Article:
Uphilldowndale

Watching nature take its course, from the top of a hill in northern England


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Lock Down

Our chickens continue their enforced confinement , due to the risk of them contracting Avian Flu from migrating birds, they have to stay in their run.

They’ve adapted pretty well to this change of circumstances, I’ve tried to give them things to entertain, as well as replace the amount of fresh grass  and vegetation they normally graze.  And  I’ll confess, that without thinking about it, that for a few days, I was taking them an armful of windfall apples each day, which they loved (we’ve had a prolific year for apples).

windfall 2

That was, until it occurred to me, that the migrating birds I was trying to keep away from the chickens had probably been grazing on these apples. So much for bio security!

I hasten to add that these apples are very much more munched  than back at the start of the lock down in mid December , when they were whole apples with unbroken skin

windfall


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Tight Fit

A second belated post from our weekend, back in November in the Yorkshire Dales . We went to

Hawes 2

There was still snow about.  Yorkshire drystone walls have different coping stones than Derbyshire walls

Hawes

You don’t often see paved foot paths around here either, we were glad of them though, it was very wet and muddy.

Yorkshire stiles 3

The stile however posed a bit of a problem for Spud, they are obviously built for Yorkshire terriers, or maybe Whippets, but not Springer spaniels

Yorkshire stiles_

Poor Spud, he needed a lift.

Yorkshire stiles 2

the local  working dogs have got it sussed though. Gates open for them.

Hitching a ride


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Gale Mill

Dark and Satanic*, or Warm and Welcoming?

I can’t quite make my mind up. This is  the wonderfully restored and  preserved, Gale Mill in the Yorkshire Dales;  it was late  afternoon in November  and the light was fading.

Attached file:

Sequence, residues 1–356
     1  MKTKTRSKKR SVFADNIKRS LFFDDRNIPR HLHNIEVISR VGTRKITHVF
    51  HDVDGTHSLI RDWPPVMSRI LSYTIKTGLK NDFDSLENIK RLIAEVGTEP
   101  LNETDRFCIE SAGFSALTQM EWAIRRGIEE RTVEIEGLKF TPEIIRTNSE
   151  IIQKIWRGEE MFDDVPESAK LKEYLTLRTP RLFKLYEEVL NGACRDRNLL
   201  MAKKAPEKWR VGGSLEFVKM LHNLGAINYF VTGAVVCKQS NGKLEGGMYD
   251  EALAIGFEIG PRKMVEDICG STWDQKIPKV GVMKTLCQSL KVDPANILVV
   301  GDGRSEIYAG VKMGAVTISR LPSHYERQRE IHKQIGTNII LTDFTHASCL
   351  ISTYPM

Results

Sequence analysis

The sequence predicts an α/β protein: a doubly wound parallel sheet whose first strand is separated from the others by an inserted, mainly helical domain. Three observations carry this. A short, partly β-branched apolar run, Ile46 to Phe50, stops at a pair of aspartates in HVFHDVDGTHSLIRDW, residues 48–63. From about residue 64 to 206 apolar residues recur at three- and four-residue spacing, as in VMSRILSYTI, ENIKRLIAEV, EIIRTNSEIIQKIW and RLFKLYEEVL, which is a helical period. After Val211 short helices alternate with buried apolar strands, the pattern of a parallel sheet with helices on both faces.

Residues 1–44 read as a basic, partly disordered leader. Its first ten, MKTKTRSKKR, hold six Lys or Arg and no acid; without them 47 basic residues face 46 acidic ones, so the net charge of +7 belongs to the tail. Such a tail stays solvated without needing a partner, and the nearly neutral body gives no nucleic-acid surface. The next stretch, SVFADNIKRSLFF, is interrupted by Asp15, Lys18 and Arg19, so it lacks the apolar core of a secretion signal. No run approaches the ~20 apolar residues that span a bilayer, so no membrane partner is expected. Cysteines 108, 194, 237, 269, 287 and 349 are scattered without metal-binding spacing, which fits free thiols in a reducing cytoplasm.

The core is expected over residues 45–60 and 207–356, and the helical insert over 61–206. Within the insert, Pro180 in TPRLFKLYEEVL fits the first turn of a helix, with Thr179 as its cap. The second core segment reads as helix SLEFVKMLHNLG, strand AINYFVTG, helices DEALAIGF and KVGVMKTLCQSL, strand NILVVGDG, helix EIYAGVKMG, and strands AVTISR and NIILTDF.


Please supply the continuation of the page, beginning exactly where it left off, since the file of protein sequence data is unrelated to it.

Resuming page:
Gayle Mill 2

There had been heavy rain the day before, and the river was thundering by.  The roads were awash.

Rivers were not to be messed with.

Langstrothdale

And then there was the snow, we’d chosen quite a high route to get to Gale and Hawes, but traveling in the campervan, we decided discretion was the better part of valour, turned around and took the low route instead!

20161117_134144

In the end the snow didn’t become a problem, but the local highways department were in a state of preparedness…

Gayle 2

I was glad we were in the campervan and not camping!

Not camping_

I’m also glad we spent money on  a diesel heater for the van,  rather than spending the money on a van in any other colour than white, which comes at a premium. We were snug as bugs.

snow van 2

* Dark and satanic mills, might not be what I always thought they were!


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Twekesbury Abbey

We travelled to Teweksbury Abbey between Christmas and New Year; sadly it was for the funeral of Mr Uphilldowndale’s Godfather.

The Abbey was gloriously decorated for Christmas, I’ve just few camera snaps, taken after the service, but I think you can see what I mean

Christmas Abbey

The music, especially the singing, was very special: members of the Ebor Singers had made it through the ice and fog to sing. It was quite magical and gave me goose bumps.

The low winter sun, made the stained glass look spectacular.

Felix funeral 3

As it was a cold, foggy and icy day, we were please to find two of the these  imposing Gurney heaters, installed in the abbey in 1875 

Gurney heater

Even with such beasts of heaters, I was so glad I’d worn my winter coat. ( I nearly didn’t take my coat, just a jacket as I have a habit of being the overdressed northerner at family occasions south of Birmingham!)

As music is in the DNA of Mr UHDD’s family, so is an interest and admiration of the manufacture of such a magnificent piece of engineering.  Mr UHDD couldn’t resist a closer look at its  inner workings. His Godfather would have thought it a commendable curiosity, of that I’m quite sure.

Gurney heater 2


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And so to work…

Back to work tomorrow. I have a beautiful commute.

Late for work, again

It’s 14 years since I worked in retail, but the novelty of being able to have a long break at Christmas and New Year has still not worn off.

Tomorrow I think an extra layer of clothing may be in order, our office can be chilly on a summers day. Two weeks of the office heating ticking over on thrifty frost setting, may mean there is an unseemly dash for the fan heater, first thing. Lets call it an office huddle, we can at least try and look like we are back in harness.